What’s that got to do with freelancing, you may ask? Well, it’s about commitment.

These are examples of things I really liked doing and I still quit them! The difference is that these were hobbies, not what I chose to do as my sole source of income.

Things will come at you when you least expect, so you must be prepared for them if you want to thrive (or survive) as a freelance. If you’re serious about making it a career for yourself, you can’t approach it as something you’re doing just to make some extra cash on the side. You need a plan.

So, how do you start?

I will start by asking you some questions and later I’ll answer them myself, based on my own experience. (I invite you to post your answers below in the comments).

1. Being Professional

Do you feel prepared to teach? Have you been formally trained? If not, do you know how to find the help you need? Do you know about any free opportunities to develop as a teacher? How about paid development/training courses for teachers?

2. Defining your niche

Who would you like to teach? Who wouldn’t you like to teach? Have you thought about that? Would you be teaching 1:1, groups, online, face-to-face?

3. Finding your workspace

Where are you teaching: at the student’s place, yours, online? Would you a rent a space?

4. Course Creation  (materials, lesson planning, syllabi, etc.)

Can you produce your own materials? Do you know how to create a syllabus that will address your student’s needs? Can you write your own lesson plans? Would you use a coursebook? If you say yes, do you know how to choose a suitable coursebook? How can you adapt coursebook lessons? If you teach online, can you still use a coursebook? Should you? Would you change your online course format? How about ESP lessons?

5. Assessing your students’ progress

How are you going to assess your learner’s progress? Are quizzes and tests enough? How else can you check if they’re learning? Where would you find tests/quizzes/ rubrics? Do you know how to make/use a rubric? How often are you going to assess your learners? How should you assess pronunciation? How can you assess writing? What if the classes are online? What changes?

In my view this is how a (freelance) teacher must start. By asking questions and being curious, we should look for answers and ask for help. This is the way to grow, learn and become better teachers. We have to keep asking questions. Freelance teachers have to ask more questions and be even more proactive.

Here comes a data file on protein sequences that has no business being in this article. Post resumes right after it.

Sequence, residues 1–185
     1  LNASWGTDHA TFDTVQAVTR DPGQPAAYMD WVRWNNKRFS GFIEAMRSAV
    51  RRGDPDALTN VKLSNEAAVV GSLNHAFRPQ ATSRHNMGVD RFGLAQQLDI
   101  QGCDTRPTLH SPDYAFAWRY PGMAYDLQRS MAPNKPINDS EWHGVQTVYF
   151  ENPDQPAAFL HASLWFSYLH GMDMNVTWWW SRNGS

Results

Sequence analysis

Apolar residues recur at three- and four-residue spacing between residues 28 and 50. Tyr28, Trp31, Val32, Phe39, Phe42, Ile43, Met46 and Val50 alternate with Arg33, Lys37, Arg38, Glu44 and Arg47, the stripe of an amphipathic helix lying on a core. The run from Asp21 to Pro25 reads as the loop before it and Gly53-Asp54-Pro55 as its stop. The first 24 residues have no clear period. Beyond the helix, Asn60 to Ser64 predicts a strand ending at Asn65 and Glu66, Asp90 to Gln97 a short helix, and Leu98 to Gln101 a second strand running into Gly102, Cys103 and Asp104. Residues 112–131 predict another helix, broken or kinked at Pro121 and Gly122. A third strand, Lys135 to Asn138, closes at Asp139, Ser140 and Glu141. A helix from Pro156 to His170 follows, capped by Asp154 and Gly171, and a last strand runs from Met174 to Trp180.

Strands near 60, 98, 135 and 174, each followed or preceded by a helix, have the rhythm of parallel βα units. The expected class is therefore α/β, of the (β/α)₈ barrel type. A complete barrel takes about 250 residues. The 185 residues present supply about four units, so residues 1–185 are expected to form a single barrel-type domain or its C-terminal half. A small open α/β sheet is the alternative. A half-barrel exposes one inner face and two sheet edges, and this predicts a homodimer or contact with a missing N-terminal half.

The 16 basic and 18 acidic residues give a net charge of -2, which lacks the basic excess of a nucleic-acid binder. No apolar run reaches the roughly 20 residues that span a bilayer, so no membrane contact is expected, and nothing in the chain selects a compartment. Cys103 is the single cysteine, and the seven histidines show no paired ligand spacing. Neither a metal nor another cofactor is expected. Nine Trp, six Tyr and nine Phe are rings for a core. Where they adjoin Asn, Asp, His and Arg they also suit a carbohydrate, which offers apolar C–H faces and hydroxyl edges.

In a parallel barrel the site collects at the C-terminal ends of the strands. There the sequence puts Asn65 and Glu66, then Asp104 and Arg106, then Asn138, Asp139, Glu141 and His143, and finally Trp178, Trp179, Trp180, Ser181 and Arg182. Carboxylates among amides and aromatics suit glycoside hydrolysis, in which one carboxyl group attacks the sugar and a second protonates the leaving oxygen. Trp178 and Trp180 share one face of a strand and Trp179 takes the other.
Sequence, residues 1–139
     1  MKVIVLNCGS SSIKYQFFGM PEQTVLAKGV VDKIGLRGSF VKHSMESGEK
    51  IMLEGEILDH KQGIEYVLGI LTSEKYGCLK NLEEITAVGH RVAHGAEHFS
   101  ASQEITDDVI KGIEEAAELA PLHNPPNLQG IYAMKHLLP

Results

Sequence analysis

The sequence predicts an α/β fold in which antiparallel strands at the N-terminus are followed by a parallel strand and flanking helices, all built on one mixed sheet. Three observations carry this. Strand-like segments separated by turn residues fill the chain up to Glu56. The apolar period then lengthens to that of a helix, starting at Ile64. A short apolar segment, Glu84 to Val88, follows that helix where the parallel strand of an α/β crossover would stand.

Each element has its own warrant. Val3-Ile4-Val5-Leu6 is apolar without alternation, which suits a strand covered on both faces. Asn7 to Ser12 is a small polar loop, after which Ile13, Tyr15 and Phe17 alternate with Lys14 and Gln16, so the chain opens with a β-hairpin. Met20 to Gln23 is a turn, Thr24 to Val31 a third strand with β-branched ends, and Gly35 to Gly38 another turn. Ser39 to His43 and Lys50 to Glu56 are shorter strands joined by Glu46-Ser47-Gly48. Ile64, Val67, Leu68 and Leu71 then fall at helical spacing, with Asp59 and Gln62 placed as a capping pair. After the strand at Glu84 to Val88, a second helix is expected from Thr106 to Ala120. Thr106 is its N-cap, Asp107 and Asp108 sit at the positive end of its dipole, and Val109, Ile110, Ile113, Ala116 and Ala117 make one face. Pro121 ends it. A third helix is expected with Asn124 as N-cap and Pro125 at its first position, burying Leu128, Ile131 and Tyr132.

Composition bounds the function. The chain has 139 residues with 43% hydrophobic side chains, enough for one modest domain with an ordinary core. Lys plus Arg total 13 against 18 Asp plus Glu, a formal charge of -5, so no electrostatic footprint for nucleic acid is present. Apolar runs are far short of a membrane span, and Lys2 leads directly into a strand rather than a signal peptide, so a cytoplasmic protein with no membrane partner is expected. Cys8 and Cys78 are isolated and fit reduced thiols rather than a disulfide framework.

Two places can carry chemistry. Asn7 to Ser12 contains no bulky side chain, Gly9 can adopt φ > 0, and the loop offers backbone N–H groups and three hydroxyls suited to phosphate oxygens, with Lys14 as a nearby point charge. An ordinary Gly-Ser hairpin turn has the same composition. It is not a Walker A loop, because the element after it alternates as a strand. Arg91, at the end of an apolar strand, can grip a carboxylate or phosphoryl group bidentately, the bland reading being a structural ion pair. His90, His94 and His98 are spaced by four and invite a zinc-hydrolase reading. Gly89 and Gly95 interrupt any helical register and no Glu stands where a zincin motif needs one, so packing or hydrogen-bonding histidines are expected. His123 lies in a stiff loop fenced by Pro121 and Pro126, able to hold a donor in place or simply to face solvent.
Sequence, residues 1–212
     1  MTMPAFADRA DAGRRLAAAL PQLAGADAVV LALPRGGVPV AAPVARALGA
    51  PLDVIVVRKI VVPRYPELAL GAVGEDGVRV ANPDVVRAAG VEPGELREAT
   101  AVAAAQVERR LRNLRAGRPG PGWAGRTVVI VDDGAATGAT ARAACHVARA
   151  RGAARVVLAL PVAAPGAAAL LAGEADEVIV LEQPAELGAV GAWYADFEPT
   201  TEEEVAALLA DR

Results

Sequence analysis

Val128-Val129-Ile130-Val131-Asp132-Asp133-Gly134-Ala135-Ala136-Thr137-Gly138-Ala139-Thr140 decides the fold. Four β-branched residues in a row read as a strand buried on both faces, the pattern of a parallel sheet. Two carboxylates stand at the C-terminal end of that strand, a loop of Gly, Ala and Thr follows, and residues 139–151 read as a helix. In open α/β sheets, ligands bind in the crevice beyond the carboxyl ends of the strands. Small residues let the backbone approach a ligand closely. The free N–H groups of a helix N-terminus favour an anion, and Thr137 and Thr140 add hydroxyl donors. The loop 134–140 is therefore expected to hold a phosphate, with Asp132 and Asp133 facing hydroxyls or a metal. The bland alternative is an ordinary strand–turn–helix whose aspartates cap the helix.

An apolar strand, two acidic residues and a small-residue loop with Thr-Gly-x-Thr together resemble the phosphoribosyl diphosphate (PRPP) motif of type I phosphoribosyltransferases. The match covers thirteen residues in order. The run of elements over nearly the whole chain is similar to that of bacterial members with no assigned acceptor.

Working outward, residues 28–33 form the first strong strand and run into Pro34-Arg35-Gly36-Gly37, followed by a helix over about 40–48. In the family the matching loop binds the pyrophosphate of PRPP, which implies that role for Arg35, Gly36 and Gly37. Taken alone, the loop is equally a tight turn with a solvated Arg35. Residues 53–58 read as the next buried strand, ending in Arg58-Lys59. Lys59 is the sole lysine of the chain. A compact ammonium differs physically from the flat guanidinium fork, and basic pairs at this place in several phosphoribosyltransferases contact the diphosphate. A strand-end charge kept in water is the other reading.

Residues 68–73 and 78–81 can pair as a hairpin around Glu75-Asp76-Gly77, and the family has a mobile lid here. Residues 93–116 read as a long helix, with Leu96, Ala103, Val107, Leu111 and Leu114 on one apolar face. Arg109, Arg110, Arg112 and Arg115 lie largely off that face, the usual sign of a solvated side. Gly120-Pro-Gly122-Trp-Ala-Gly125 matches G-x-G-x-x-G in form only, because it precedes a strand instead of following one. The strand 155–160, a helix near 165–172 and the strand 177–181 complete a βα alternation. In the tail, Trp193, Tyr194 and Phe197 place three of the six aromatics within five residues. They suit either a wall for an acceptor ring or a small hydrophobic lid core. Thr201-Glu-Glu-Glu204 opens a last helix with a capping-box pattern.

There are many puzzles to be solved as there are questions to be considered regarding course creation, methodology, assessment and so on. These are just some that came to mind.

Next, we need to talk about the business, marketing and PR side of freelancing.

Do share what you think. I’d love to hear from you!

Thanks for reading!

 

 

 

1:1, Freelancing, Online Teaching

Ready to Sail?

sail2Twenty years from now you will be more disappointed by the things that you didn’t do than by the ones you did do, so throw off the bowlines, sail away from safe harbor, catch the trade winds in your sails. Explore, Dream, Discover”. – H. Jackson Brown Jr.

I chose this quote to start blogging because it represents how I feel about my career choices and how I feel in general about life.

There are many things we don’t do in life because we’re afraid to even try. We don’t dare. We think we can’t do it and we believe in that inner voice that gives us bad advice sometimes. And then we think too much. We wait, we wait, and then we realize that chance is gone.

What happens then? We regret it. Many times we do make the right choice, but other times we didn’t even try to see if we were right. But, how can we know if we don’t try?

If those words make sense to you perhaps it’s because you are at a point in life where you are thinking about shaking things up a bit, am I right?

I won’t lie to you. The journey ahead won’t be easy at times. You may want to give up. You’ve been warned. Many have and many will. But if you don’t, and you do succeed, it can be truly freeing and rewarding because it will all be because of YOU. Your choices, your decisions and your hard work.

One important thing I’ve learned is that you are not alone.

You don’t have to go through it alone. There is a huge community of people out there willing to help you grow and learn. Just like me. I’ll talk more about it in my next posts.

But first things first. You have to ask yourself: am I ready to be my own boss? Am I ready to be patient and wait to see results? Can I afford to wait? Do I have the people skills to negotiate with my clients about money, payments, and all of the financial obligations involved and still keep a good teacher-student relationship? How about marketing? Think about all of these questions. Don’t rush to answer them yet.

On this blog I’ll be sharing some of what I’ve learned as a freelance teacher, teaching groups, 1:1, face2face and online, and I’ll also give you some tips on how to develop your own skills as a teacher.

Until next time you can watch me chatting with my colleagues Cecilia Nobre & Lachesis Braick about some of those issues here:  https://www.facebook.com/cecilia.nobre/videos/10155373202091447/?t=40